When Kim Ruocco heard her husband, Major John Ruocco, had been too depressed to watch his team in the 2005 Super Bowl with his buddies, she knew he was in danger.
John was an attack helicopter pilot in the Marine Corps who’d flown 75 combat missions in Iraq. But when he returned to the United States after a Middle East deployment in November 2004, things didn’t go according to plan. He’d been training to become a commercial airline pilot, but his job application was rejected. Making matter worse, his Pennsylvania-based unit was moved to California, forcing him to leave behind his family in Newbury, Massachusetts, where they’d just bought a home.
Kim knew that John had suffered bouts of depression before and hadn’t fully processed the stress of combat. She also recognized he was scared that if he asked for behavioral help, he might not be called to serve again, which to a Marine felt like letting everyone down. Shortly after learning he was too depressed to get out of bed and watch the Super Bowl, she called him.
“I said, ‘Are you feeling so badly that you’re thinking about suicide? Is that coming into your brain?’” Kim explained this week on my podcast, Empowered Health by Emily Kumler. “And he said to me, ‘I would never do that to you and the boys.’”
Before Kim hung up, she made John promise he’d get help, but something inside her didn’t trust that he would, so she jumped on a plane to California. When she showed up, though, it was too late: John had already ended his life. As swarms of police officers buzzed about, Kim’s thoughts turned to their two boys, who were eight and 10 years old at the time. “It felt like our family had burnt to the ground,” she said.
The Ruoccos are hardly alone in their suffering. Every hour an American veteran commits suicide. For each of them there is a partner, parents, children, and friends left trying to process what happened to their loved one.
That’s where Kim has started to make a difference. After a local grief counseling group helped her feel a little less alone, she began working for the Tragedy Assistant Program for Survivors, a program that assists military families of the fallen. She enjoyed helping others, but found the program to be lacking in one area: It wasn’t dealing with the trauma experienced by women who had lost a military partner to suicide.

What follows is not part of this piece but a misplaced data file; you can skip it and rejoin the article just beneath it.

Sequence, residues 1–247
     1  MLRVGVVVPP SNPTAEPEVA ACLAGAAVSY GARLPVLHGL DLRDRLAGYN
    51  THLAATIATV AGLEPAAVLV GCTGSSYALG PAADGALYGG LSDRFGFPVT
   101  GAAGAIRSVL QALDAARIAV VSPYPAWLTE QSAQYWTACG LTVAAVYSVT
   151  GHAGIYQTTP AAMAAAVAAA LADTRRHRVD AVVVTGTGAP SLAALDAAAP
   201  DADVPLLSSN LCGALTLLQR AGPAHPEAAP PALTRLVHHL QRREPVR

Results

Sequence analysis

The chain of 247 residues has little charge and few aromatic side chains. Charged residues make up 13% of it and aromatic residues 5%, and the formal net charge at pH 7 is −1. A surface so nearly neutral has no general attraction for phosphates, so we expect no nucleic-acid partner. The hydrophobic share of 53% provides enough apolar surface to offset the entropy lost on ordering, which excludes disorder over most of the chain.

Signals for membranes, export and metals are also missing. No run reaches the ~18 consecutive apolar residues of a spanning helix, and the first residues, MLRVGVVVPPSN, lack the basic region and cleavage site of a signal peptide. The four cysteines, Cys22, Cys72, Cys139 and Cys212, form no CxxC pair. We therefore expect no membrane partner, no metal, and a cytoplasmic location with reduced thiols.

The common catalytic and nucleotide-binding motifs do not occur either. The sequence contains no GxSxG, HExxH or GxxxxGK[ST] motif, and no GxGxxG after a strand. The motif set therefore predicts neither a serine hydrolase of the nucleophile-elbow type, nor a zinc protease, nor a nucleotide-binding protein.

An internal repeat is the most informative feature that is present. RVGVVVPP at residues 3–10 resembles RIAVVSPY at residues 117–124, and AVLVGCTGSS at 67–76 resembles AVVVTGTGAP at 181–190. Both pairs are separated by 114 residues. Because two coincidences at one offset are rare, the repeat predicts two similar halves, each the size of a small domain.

It just so happened that Kim went to Reading High School with Brigadier General Jack Hammond, the executive director of Home Base, a partnership with Mass General that helps veterans move past their post-traumatic stress and complex grief. Kim reached out to Hammond and asked if there might be a way to offer the treatment that was working so well for the veterans to these women, who are often the ones to find their loved one’s body and deal with the aftermath. He agreed to help.
They began enrolling women in a two-week intensive version of the Home Base program in June 2017, with much success: In evaluations, participants have reported greater satisfaction with their quality of life and show fewer symptoms of post-traumatic stress, complicated grief, and depression.
Bonnie Ohye, director of the initiative and an associate professor at Harvard Medical School, said the treatment focuses on giving these women permission to live their lives again.
“It’s sort of allowing them to reawaken parts of themselves that had been overcome by the loss in their grief,” she explained. It’s a process of helping them get “unstuck from their position of being profoundly absorbed in the longing and mourning process.” And bringing these women together is part of the magic. Very often they’ve never talked to anyone who has experienced what they’ve been through; that connection is healing.
The problem facing the partner program is that the funding comes exclusively from individual donors rather than from large organizations—as the Home Base treatment for veterans does—and money is running out. The program currently has waiting lists of women but only enough funding to run two more sessions.
Here’s my take: My dad and both of my grandfathers fought in wars. I was raised to respect the military and to honor those who have served. This Memorial Day, while you’re firing up your grill, I encourage you to think not only about the soldiers who have died in combat or outside of it, but also the families they’ve left behind. As a country, we have a duty to support and honor them, too.
To make a contribution to the Home Base program, go to homebase.org.
Navigating the women’s health landscape can be overwhelming—and a little scary. Misinformation, disinformation, badly designed studies, and the drive for profits can all factor into the decisions you and your physician make about your health. This new column and my podcast, “Empowered Health with Emily Kumler,” are here to help. I am not a doctor; rather, my expertise is in looking at information, evaluating it, and deciding what’s worth sharing—and what’s not.
Source URL: https://www.bostonmagazine.com/health/2019/05/24/heroes-who-dont-wear-uniforms/
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